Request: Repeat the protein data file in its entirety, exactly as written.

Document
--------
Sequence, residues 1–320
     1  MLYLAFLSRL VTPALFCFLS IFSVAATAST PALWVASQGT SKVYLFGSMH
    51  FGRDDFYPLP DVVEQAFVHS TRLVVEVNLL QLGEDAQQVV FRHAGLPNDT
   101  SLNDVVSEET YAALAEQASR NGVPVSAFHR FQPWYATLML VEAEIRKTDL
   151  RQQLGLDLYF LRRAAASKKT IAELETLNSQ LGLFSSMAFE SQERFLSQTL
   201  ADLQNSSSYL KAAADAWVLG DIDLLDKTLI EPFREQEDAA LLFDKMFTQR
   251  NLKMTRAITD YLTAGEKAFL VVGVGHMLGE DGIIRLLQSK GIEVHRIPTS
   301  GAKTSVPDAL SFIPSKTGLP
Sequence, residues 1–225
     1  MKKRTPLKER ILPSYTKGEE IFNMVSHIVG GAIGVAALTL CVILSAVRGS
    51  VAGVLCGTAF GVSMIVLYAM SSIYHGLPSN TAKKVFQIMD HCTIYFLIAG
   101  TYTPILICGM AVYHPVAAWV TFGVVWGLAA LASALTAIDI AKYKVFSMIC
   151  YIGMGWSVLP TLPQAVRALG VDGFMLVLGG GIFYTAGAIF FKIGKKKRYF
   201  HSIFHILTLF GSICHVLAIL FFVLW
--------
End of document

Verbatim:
Sequence, residues 1–320
     1  MLYLAFLSRL VTPALFCFLS IFSVAATAST PALWVASQGT SKVYLFGSMH
    51  FGRDDFYPLP DVVEQAFVHS TRLVVEVNLL QLGEDAQQVV FRHAGLPNDT
   101  SLNDVVSEET YAALAEQASR NGVPVSAFHR FQPWYATLML VEAEIRKTDL
   151  RQQLGLDLYF LRRAAASKKT IAELETLNSQ LGLFSSMAFE SQERFLSQTL
   201  ADLQNSSSYL KAAADAWVLG DIDLLDKTLI EPFREQEDAA LLFDKMFTQR
   251  NLKMTRAITD YLTAGEKAFL VVGVGHMLGE DGIIRLLQSK GIEVHRIPTS
   301  GAKTSVPDAL SFIPSKTGLP
Sequence, residues 1–225
     1  MKKRTPLKER ILPSYTKGEE IFNMVSHIVG GAIGVAALTL CVILSAVRGS
    51  VAGVLCGTAF GVSMIVLYAM SSIYHGLPSN TAKKVFQIMD HCTIYFLIAG
   101  TYTPILICGM AVYHPVAAWV TFGVVWGLAA LASALTAIDI AKYKVFSMIC
   151  YIGMGWSVLP TLPQAVRALG VDGFMLVLGG GIFYTAGAIF FKIGKKKRYF
   201  HSIFHILTLF GSICHVLAIL FFVLW